Stanley Fischer (Photo)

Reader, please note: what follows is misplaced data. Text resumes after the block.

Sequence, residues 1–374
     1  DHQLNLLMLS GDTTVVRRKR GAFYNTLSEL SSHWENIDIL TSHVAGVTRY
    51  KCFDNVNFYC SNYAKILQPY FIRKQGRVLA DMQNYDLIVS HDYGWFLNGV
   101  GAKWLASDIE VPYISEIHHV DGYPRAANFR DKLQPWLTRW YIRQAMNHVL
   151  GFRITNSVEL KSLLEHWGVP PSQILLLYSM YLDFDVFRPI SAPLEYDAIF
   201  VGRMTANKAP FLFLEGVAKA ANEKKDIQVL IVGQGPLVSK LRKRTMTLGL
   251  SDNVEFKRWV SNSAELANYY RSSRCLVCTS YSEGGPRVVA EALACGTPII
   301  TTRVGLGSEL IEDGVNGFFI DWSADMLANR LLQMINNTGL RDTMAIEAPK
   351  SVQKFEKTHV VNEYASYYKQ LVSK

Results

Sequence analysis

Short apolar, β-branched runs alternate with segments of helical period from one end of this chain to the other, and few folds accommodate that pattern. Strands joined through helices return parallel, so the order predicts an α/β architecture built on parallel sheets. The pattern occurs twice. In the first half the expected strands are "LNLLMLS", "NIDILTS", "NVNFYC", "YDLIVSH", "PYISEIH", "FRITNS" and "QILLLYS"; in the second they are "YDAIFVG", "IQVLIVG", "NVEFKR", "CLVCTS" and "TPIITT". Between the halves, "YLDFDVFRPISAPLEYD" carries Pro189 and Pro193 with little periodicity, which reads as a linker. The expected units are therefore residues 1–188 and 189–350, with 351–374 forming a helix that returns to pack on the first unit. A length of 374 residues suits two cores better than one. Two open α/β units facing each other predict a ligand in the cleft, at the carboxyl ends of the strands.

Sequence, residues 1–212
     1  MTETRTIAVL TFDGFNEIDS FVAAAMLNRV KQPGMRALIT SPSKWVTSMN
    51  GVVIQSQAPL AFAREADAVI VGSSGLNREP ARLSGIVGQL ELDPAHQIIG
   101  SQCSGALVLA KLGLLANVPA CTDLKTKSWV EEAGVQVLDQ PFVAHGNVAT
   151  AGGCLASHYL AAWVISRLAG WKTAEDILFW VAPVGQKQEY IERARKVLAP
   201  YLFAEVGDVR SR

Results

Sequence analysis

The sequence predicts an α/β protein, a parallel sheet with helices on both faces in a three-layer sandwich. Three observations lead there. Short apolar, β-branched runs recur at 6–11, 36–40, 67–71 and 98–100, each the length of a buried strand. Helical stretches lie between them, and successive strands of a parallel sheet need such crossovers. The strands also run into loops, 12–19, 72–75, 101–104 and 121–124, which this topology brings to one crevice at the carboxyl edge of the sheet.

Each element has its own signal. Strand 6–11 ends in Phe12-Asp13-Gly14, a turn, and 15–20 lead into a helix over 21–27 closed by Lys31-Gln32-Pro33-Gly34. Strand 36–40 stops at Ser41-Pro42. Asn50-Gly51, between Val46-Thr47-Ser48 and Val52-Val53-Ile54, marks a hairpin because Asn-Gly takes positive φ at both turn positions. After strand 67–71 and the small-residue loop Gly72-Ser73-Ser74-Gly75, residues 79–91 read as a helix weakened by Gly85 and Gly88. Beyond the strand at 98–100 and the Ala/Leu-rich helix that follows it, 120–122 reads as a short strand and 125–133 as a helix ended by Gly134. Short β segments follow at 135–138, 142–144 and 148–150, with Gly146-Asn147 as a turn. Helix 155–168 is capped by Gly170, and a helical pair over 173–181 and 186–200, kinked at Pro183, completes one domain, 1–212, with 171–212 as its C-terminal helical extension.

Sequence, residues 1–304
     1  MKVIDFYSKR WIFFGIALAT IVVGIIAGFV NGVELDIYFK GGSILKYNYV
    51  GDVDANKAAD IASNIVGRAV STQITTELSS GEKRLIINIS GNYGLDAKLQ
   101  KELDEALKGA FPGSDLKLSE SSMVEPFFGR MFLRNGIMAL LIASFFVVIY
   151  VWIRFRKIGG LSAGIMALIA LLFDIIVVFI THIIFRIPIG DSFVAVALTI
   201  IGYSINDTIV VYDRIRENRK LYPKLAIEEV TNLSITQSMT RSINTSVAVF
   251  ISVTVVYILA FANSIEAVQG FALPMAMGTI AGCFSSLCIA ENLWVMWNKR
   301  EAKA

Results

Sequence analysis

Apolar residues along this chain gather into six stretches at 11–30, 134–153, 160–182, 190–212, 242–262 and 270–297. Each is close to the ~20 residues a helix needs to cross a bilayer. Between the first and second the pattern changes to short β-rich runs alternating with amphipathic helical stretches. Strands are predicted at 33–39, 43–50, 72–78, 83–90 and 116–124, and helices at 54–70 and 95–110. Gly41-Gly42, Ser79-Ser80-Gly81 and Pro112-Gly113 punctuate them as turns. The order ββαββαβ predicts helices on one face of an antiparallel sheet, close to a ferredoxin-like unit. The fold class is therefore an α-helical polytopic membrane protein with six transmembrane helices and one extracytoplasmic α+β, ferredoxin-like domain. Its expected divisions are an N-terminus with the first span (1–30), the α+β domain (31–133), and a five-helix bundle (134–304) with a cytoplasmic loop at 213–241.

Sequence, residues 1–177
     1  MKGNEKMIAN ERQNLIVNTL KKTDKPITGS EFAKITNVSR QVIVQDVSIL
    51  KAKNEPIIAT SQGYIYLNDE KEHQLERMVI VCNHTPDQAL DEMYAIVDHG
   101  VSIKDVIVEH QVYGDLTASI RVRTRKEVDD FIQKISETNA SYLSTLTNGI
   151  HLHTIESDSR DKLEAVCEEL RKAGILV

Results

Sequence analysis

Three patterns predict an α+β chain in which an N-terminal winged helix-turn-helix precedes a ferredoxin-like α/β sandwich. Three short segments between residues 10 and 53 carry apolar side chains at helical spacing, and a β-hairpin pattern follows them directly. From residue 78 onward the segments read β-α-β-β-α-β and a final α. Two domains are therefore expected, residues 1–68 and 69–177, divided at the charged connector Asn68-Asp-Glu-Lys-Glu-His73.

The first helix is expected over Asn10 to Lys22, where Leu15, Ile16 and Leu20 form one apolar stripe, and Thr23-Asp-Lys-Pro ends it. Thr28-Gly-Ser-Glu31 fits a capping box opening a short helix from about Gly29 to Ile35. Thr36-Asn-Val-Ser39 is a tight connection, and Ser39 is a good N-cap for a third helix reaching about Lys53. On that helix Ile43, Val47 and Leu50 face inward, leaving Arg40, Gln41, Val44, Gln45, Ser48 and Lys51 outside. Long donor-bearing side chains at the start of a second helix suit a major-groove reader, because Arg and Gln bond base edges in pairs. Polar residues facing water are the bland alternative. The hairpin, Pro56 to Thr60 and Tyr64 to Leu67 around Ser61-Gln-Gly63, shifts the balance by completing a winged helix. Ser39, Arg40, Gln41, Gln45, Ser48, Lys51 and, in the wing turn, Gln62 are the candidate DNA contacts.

A coalition of populist (or demagogic) forces is pressuring Bank of Israel Governor Stanley Fischer to lower interest rates (see Ha'aretz). Those pushing for the change are the Israeli Manufacturers' Association, which is suffering because of the high shekel, on the one hand, and parliamentarians ranging from Shelly Yachimovich (Labor) to Amnon Cohen (Shas). They want to see a reduction in interest rates to help workers in the export industry. If implemented, their agenda would set Israel back two decades. This kind of short-sighted intervention in fiscal policy by politicians, concerned about upcoming elections rather than the long-term economic growth of the country, will severely undermine investors' confidence in the Israeli market. The Central Bank's role is to check inflation by maintaining a strong currency; it should not be instrument of particular economic and social sectors. The export industry will have to adjust, just like the exporters in other countries who have experienced increases in the value of their currency against the dollar.